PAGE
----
Jennie was a means of escaping from the dull male poet I seemed to have become but who didn’t entirely convince me (so god help the readers). I have a pretty wavery sense of who I am. I think I’m shorter than most people but turn out, on inspection, to be about average. I’m not happy with my knees and I don’t like my name (that arle and oyle, the bloatedness). When in 1999 I read in a print interview Michael Hofmann saying ‘I have an overwhelmingly strong sense of who I am’, I was shocked (still am).

Then Jack. Jack because it’s flat, Robinson because – well, the name came in a flash, ‘before you can say . . .’ It was only later that I realised, or remembered, that I was allying myself to a whole tradition of Robinsons in fiction, poetry and film, all of them ne’er-do-wells or suspect in some way: in Fielding, Dickens, Conrad, Henry James, Céline, Kafka, Muriel Spark, Chris Petit, Patrick Keiller, Weldon Kees, Simon Armitage . . . (‘Know my partner? Old Robinson. Yes; the Robinson. Don’t you know? The notorious Robinson. The man who smuggled more opium and bagged more seals in his time than any loose Johnny now alive.’)

Jack-of-all-trades? Hardly. He’s no poet. He’s not a non-fiction writer because he likes making things up, but nor is he a novelist: he has a short attention span, he lacks stamina, he can’t sustain a plot and he’s not that interested in how characters develop. He writes short books, generally made up of fragments, in which fiction and fact bounce off each other. He likes table tennis, without being much good at it. He’s a bit frivolous, frankly. I don’t think he’s married. He can be forgetful (as I can: I’d forgotten, until the review of by the same author reminded me, that I once described CBe as ‘a small machine for reading aloud to strangers’). He’s not good at joining things up (he can just about do joined-up handwriting). He has a problem with endings. (The review remarks on how many of the paragraphs – ‘It’s hard to describe these sequent pages as “episodes”’ – don’t so much end as simply stop: ‘Robinson’s paragraphs run for as long as their thoughts do, and then stop running’.) He’s stubborn: knowing that he’s not a ‘natural’ novelist/poet/journalist, he still insists on writing.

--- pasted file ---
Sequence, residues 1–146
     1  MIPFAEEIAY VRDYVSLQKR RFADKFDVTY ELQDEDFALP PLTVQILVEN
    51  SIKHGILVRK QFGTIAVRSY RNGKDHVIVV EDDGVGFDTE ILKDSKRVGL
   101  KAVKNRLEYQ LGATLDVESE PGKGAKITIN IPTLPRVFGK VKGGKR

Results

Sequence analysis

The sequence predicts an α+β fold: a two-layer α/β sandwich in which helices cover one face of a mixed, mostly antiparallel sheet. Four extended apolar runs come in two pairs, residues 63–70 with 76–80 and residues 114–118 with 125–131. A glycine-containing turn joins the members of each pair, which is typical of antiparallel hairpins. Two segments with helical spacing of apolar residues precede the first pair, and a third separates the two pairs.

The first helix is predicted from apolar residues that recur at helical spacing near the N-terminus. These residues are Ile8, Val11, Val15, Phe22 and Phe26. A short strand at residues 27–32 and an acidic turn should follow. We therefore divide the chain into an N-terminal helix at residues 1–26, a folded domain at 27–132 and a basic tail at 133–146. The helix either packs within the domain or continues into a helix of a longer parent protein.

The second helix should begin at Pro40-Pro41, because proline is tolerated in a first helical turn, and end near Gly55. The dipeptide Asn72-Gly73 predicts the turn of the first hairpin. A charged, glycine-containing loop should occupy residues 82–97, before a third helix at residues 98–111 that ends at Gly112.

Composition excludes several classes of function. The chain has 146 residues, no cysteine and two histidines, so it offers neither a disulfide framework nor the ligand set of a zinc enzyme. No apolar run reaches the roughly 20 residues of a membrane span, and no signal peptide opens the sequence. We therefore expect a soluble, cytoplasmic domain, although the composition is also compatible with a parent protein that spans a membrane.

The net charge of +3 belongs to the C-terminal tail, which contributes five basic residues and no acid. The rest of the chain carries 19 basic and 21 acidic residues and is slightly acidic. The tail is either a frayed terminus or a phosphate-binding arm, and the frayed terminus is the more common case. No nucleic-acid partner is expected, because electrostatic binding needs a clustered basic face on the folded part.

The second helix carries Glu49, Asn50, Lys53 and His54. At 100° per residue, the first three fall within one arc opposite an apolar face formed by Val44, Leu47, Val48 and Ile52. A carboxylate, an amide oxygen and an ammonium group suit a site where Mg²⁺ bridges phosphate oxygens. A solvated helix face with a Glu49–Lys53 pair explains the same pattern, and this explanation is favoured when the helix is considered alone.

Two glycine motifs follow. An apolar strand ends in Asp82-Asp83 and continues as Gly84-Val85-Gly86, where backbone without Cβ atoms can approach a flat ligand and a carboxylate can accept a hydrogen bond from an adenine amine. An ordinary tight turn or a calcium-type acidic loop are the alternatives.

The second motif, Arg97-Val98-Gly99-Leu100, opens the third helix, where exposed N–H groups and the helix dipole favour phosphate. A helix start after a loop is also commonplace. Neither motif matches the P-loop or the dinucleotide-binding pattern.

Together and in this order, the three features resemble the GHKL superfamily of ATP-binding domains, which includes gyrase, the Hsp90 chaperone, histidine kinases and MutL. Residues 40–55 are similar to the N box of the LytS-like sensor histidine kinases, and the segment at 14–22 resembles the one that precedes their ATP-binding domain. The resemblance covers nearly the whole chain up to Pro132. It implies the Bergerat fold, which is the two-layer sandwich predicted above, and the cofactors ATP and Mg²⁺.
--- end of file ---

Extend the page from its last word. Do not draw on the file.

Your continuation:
Jack is noticeably impatient. (I’ve never really understood why patience is generally reckoned a virtue: sometimes, yes, but by no means always.) The gestation time of each of Jack’s three slim books to date has been short: Days and Nights in W12 was written over a couple of months, Recessional over a few weeks, by the same author in around ten days. The work Jack is attempting right now is different; it dates back to my impulse-buying of a second-hand copy of a translation of Stendhal’s Memoirs of an Egotist in a shop (now long gone) in Hammersmith in, I think, the late 1980s. (It was published by Chatto; D. J. Enright later recalled: ‘During my time at Chatto I managed to pull off US deals for two books I particularly liked. We printed copies of a new translation of Stendhal’s Memoirs of an Egotist for a firm that went bankrupt, and a book on the son of Anna (“and the King of Siam”) and his doings in the teak trade for a company called Thai-American Publishing that couldn’t be tracked down. End of my career as a whizz-kid.’) Marie-Henri Beyle – Stendhal was just one of his pseudonyms; he had hundreds – got under my skin. There’s a Stendhal poem or two in a poetry collection I published in 1993, and more in a 1996 collection, and a whole sequence in a 2001 collection. He won’t go away, still. This is a job for Jack. The book Jack is proposing is about Stendhal and death, loosely, and it’s taking longer than usual because each time Jack finds what he thinks is an appropriate form it collapses in on him.

Wednesday 18 May 2016


The first reprinted batches of CBe books in the new look are now in – shown above, alongside the pebbles from Brighton beach that cued the colours for the Ponge. Apt, given that the longest (prose) poem in the book is ‘The Pebble’: ‘a pebble is a stone at the precise moment when its life as a person, an individual, begins, I mean at the stage of speech.’